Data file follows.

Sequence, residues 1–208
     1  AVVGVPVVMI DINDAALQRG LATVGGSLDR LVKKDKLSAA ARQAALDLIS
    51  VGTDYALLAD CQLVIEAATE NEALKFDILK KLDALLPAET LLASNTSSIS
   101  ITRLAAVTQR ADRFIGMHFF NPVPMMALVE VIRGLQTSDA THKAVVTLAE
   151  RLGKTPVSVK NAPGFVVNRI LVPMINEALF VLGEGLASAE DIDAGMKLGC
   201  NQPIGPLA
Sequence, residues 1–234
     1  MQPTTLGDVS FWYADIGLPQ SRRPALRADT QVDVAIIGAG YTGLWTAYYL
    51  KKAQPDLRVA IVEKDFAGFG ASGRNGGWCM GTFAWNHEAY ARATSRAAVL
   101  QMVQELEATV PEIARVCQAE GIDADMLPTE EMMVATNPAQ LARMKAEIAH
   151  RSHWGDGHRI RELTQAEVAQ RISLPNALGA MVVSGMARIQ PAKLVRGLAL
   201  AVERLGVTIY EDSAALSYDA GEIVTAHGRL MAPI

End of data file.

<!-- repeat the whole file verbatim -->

Sequence, residues 1–208
     1  AVVGVPVVMI DINDAALQRG LATVGGSLDR LVKKDKLSAA ARQAALDLIS
    51  VGTDYALLAD CQLVIEAATE NEALKFDILK KLDALLPAET LLASNTSSIS
   101  ITRLAAVTQR ADRFIGMHFF NPVPMMALVE VIRGLQTSDA THKAVVTLAE
   151  RLGKTPVSVK NAPGFVVNRI LVPMINEALF VLGEGLASAE DIDAGMKLGC
   201  NQPIGPLA
Sequence, residues 1–234
     1  MQPTTLGDVS FWYADIGLPQ SRRPALRADT QVDVAIIGAG YTGLWTAYYL
    51  KKAQPDLRVA IVEKDFAGFG ASGRNGGWCM GTFAWNHEAY ARATSRAAVL
   101  QMVQELEATV PEIARVCQAE GIDADMLPTE EMMVATNPAQ LARMKAEIAH
   151  RSHWGDGHRI RELTQAEVAQ RISLPNALGA MVVSGMARIQ PAKLVRGLAL
   201  AVERLGVTIY EDSAALSYDA GEIVTAHGRL MAPI